It has always been a mystery to me as to why Eru didn't intervene to stop Melkor and Ungoliant from destroying the Two Trees.

I don't think it is plausible to say that he was not aware of what they were doing while they were doing it, that is to say that he could not see through the cloud of darkness that had been put up around the Two Trees while they were being destroyed. Moreover, as soon as he saw them approach the first tree he should have hit them both with huge bolts of lightning or some kind of power.

So, why didn't Eru stop Melkor and Ungoliant from destroying the Two Trees?

Was this ever discussed with Tolkien and did he offer an explanation for this?

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    I don't think you really understand the history of Middle-earth or the story of creation if you think Eru would ever carry out something like that. The same could be said of why he didn't stop the First or Second Kinslaying, why he didn't capture Melkor himself etc...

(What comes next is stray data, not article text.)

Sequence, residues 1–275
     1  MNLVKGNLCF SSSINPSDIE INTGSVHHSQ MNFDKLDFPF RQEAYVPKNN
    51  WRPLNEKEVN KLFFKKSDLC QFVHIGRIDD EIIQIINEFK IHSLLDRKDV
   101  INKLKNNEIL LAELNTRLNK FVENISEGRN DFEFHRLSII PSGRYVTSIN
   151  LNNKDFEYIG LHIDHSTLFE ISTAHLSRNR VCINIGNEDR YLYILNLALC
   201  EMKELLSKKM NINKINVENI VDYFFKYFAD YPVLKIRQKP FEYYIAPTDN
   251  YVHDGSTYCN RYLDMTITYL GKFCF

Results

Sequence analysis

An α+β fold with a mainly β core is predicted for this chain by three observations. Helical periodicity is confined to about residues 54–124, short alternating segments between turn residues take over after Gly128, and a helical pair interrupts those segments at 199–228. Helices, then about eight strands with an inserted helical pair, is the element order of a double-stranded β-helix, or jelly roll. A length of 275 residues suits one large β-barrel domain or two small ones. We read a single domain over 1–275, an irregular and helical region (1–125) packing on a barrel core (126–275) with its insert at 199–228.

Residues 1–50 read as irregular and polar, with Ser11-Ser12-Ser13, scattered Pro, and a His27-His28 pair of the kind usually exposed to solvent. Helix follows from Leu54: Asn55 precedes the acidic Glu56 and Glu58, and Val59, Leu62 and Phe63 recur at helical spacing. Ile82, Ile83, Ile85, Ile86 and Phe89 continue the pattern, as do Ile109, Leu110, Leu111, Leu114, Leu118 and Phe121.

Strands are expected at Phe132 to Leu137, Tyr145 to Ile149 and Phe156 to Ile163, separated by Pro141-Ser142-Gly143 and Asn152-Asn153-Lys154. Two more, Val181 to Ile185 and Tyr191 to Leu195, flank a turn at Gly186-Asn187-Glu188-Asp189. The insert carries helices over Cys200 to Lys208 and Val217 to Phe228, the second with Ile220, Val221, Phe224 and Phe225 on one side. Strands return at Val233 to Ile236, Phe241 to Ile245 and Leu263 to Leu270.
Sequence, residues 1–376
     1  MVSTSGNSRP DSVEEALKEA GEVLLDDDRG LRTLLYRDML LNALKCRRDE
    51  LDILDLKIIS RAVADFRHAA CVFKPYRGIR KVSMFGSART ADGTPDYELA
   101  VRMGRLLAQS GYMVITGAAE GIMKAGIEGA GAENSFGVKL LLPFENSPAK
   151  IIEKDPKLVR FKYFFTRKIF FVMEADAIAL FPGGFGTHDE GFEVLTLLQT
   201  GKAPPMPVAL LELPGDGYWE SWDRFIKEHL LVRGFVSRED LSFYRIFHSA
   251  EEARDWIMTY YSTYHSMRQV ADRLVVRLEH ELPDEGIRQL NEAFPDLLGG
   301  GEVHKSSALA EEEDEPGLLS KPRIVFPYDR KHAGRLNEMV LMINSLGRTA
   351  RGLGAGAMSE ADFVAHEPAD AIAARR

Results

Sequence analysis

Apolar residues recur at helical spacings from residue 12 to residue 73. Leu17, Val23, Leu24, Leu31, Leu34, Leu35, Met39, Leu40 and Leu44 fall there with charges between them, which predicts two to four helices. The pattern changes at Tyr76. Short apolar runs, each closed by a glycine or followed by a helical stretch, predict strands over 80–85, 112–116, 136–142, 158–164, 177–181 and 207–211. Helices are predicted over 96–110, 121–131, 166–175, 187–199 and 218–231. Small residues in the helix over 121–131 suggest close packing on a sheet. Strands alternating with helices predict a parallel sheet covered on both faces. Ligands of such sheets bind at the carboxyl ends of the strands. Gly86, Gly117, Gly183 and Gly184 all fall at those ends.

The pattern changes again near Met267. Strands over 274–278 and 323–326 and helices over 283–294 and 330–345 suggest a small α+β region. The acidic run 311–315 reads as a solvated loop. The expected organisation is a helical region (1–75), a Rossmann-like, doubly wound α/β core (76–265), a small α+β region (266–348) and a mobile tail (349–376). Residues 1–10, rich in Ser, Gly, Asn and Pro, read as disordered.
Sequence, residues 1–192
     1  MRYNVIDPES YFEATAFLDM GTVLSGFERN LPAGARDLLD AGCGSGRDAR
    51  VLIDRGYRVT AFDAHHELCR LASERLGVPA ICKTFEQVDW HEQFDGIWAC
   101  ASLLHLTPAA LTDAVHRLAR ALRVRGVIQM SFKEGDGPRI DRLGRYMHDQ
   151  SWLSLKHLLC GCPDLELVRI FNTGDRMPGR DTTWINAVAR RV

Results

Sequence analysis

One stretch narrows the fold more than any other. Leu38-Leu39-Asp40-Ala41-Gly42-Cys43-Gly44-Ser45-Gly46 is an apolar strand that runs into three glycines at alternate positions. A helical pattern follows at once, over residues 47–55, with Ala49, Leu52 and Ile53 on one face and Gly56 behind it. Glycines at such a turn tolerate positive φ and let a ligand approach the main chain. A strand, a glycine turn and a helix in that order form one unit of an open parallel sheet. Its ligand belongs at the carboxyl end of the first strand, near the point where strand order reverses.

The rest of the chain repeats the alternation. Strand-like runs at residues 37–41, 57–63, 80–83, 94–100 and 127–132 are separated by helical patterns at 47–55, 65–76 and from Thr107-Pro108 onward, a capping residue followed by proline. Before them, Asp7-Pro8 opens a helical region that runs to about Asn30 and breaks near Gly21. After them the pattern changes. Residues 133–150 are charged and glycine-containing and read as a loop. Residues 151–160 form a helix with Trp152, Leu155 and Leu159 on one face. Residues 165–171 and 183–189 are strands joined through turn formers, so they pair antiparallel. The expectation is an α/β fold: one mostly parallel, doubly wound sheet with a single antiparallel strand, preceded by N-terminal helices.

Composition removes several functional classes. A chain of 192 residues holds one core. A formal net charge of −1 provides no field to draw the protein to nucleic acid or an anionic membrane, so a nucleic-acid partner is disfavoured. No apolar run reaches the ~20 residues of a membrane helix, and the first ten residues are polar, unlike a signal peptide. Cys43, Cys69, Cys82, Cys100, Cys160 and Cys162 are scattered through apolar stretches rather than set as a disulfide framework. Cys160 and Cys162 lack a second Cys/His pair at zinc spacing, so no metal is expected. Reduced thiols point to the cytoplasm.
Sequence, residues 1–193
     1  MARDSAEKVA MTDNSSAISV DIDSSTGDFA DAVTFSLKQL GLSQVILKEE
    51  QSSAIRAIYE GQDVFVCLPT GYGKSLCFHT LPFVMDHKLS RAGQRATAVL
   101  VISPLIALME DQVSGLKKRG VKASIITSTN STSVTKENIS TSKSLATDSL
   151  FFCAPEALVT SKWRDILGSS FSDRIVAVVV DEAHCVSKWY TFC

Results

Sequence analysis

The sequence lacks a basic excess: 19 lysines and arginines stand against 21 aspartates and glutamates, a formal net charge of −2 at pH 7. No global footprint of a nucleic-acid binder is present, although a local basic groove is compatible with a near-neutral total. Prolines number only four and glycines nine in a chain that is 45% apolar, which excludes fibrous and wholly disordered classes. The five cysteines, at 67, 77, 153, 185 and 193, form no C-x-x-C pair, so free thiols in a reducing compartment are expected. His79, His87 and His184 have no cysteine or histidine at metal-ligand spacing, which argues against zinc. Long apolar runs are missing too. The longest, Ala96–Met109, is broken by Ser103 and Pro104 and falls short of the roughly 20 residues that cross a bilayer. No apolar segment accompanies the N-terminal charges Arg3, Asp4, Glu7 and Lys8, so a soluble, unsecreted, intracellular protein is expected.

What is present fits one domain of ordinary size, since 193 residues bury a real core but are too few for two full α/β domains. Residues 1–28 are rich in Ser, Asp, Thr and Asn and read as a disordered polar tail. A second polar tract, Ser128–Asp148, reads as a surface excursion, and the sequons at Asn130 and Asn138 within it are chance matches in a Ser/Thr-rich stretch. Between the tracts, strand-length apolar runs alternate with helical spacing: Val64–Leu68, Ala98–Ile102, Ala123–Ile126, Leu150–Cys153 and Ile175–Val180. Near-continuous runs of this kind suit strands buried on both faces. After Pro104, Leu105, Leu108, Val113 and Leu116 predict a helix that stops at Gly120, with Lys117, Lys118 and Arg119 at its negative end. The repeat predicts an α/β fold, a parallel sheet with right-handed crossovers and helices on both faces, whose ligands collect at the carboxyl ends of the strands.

– Edlothiad
    Apr 4 '20 at 15:30
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    @user255577 Tolkien's attitude was that Eru was another name for Yahweh/Jehovah, the God of Jews, Christians,and Muslims. Since Yahweh/Jehovah is allegedly all knowing, all powerful, and all good, many people wonder how He can permit any evil and evil events to exist and happen, and theologians come up with various explanations that apparent evils are for the greater good according to the superior wisdom of God that mere mortals can't understand. An alternate explanation - that Tolkien would have hated - is that in Middle Earth, Tolkien is Eru. Continued Apr 4 '20 at 15:43
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    @user255577 Continued. Since Tolkien wrote Lord of the Rings and the Sillmarillion, he can be considered to be the creator god of that fictional universe and thus to be Eru. Tolkien was a storyteller and a writer, and writers tell interesting stories where things often go very bad for characters, which is totally different from the stories that a kind creator God would make happen, nice stories like "Once upon a time, the Universe was created,and everyone lived happily ever after". Continued. Apr 4 '20 at 15:52
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    The Music is the Music. It doesn't matter if you don't like it.
    – Spencer
    Apr 4 '20 at 16:40
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    @Lexible Again - it isn't the Muslim God, it's the Arabic language. I find it a lot more disrespectful to confuse those two concepts.
    – Misha R
    Apr 4 '20 at 20:18